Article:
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Don't let a driving under the influence charge bring you down

The police taking you into custody for drunk driving can understandably be a frightening ordeal. Your future may flash before your eyes as flashing police lights surround you in a nightmarish reality.

Although a first-time DUI charge is generally a misdemeanor charge, certain situations might raise the criminal charge's level to that of a felony. This can be especially unsettling since felony convictions related to driving under the influence carry longer-lasting consequences and stricter penalties compared with misdemeanor convictions.

What may lead to a felony charge

Various common scenarios may lead to a felony charge of driving under the influence. For instance, in Florida, if you drove while intoxicated and caused someone to suffer serious bodily harm as a result, you will face a felony charge. However, if you are driving drunk and someone else runs into you and receives an injury, your charge will still be a misdemeanor since you did not cause the other party's bodily harm.

You can also expect a felony drunk driving charge if you have already had more than one prior DUI conviction within the past few years. In addition, causing someone to lose his or her life in a DUI accident is a surefire way to receive a felony charge.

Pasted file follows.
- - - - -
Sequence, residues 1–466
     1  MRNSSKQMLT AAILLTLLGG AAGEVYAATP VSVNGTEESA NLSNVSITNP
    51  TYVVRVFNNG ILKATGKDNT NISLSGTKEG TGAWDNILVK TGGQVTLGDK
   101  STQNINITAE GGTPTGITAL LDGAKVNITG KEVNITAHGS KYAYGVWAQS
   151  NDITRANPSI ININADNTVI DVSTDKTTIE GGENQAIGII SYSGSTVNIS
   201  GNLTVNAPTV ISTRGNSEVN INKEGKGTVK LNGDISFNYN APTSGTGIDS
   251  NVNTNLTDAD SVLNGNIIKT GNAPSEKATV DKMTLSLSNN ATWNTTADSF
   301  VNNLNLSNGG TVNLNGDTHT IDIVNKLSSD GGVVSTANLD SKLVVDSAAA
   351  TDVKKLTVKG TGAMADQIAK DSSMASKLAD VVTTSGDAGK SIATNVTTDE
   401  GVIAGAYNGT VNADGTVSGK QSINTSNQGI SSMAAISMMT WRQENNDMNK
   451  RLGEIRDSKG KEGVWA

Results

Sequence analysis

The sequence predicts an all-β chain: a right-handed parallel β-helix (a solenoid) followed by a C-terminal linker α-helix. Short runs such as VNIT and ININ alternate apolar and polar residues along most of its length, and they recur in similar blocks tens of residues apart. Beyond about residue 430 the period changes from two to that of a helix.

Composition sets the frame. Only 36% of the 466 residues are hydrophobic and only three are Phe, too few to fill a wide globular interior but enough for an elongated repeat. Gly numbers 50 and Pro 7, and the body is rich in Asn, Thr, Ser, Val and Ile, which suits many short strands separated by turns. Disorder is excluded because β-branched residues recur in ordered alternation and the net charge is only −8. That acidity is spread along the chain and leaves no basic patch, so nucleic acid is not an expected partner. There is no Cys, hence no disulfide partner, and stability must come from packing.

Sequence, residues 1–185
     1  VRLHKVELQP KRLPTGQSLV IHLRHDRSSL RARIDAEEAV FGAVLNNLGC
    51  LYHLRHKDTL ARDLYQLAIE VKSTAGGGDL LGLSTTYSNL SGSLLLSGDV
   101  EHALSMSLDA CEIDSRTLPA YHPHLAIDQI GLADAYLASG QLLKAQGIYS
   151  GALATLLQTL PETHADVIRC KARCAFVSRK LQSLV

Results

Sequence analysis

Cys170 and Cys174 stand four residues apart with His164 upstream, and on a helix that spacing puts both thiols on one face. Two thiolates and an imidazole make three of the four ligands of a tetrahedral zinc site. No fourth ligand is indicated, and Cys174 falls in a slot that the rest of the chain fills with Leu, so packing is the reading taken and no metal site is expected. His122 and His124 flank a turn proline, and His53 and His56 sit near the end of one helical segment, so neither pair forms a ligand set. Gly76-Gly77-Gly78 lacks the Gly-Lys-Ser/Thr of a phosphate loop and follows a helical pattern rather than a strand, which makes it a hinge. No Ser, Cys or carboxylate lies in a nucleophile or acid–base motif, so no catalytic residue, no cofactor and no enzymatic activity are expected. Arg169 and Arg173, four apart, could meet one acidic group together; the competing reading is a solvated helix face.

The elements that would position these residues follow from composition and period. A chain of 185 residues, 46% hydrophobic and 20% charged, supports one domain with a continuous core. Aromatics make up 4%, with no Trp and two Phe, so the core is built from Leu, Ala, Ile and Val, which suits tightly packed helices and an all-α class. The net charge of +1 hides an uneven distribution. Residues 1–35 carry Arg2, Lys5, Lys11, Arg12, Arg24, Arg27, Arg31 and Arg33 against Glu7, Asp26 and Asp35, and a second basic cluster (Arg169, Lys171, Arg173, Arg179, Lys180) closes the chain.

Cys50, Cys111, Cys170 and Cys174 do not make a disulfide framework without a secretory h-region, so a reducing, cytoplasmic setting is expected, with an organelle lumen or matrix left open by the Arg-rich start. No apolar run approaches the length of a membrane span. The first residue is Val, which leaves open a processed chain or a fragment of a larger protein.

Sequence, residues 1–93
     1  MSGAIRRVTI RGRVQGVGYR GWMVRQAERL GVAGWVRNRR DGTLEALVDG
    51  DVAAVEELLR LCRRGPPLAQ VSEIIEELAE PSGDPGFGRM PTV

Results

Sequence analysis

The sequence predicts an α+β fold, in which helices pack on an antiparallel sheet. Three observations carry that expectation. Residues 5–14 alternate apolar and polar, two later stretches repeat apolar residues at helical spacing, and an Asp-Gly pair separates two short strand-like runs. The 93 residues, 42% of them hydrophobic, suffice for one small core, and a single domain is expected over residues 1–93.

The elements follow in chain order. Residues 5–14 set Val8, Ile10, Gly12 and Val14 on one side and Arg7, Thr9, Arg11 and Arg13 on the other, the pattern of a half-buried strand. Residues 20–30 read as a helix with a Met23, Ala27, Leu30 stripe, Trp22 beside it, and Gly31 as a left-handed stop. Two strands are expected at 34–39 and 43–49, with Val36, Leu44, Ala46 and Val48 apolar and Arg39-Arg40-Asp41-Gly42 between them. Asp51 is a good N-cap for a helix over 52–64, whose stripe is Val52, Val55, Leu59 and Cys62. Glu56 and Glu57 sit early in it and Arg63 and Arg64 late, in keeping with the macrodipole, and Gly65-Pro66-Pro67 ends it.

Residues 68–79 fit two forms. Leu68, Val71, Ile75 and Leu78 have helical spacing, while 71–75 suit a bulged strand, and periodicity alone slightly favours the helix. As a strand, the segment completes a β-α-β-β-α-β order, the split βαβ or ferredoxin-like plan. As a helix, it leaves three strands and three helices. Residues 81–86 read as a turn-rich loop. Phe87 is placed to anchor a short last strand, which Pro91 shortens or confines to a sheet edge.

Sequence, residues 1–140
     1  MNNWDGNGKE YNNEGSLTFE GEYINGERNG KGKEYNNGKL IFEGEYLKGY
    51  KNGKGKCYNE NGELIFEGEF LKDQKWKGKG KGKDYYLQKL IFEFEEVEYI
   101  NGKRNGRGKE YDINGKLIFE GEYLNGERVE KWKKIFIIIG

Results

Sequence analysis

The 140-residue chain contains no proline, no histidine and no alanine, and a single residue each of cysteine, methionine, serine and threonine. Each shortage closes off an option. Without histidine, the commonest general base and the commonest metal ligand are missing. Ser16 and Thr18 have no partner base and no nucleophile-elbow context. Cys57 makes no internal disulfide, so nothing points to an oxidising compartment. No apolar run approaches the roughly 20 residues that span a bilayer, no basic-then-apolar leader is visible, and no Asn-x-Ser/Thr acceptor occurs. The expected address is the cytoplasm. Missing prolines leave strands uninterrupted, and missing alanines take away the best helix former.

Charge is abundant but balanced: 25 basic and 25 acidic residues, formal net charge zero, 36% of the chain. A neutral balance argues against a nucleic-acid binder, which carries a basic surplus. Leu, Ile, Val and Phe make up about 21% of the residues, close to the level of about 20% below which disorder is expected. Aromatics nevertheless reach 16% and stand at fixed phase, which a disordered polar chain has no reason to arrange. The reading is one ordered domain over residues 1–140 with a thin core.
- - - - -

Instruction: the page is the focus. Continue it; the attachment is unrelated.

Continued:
How a felony DUIcan impact your future

If you face a felony drunk driving charge, you may end up spending time behind bars and having to pay heavy fines. In addition, you may have trouble claiming certain jobs in the future, including jobs that require you to be behind the wheel. Even renting a car may be challenging with a DUI on your criminal record.

How to ensure that you have the best defense possible

Just because you face a felony charge of driving under the influence does not mean you are immediately guilty. In fact, you are presumed innocent until and unless the prosecution can prove your guilt beyond a reasonable doubt at trial. This standard is in place in an effort to protect innocent individuals from receiving convictions and related punishments for crimes they did not commit.

Rather than going to trial, you may opt to seek to negotiate a plea agreement with prosecutors, which might lead to a more lenient sentence than what would result following a guilty verdict at trial. Whether you go to trial or seek a plea deal, an attorney will push for the most personally favorable outcome for you in light of the circumstances surrounding your arrest for driving under the influence.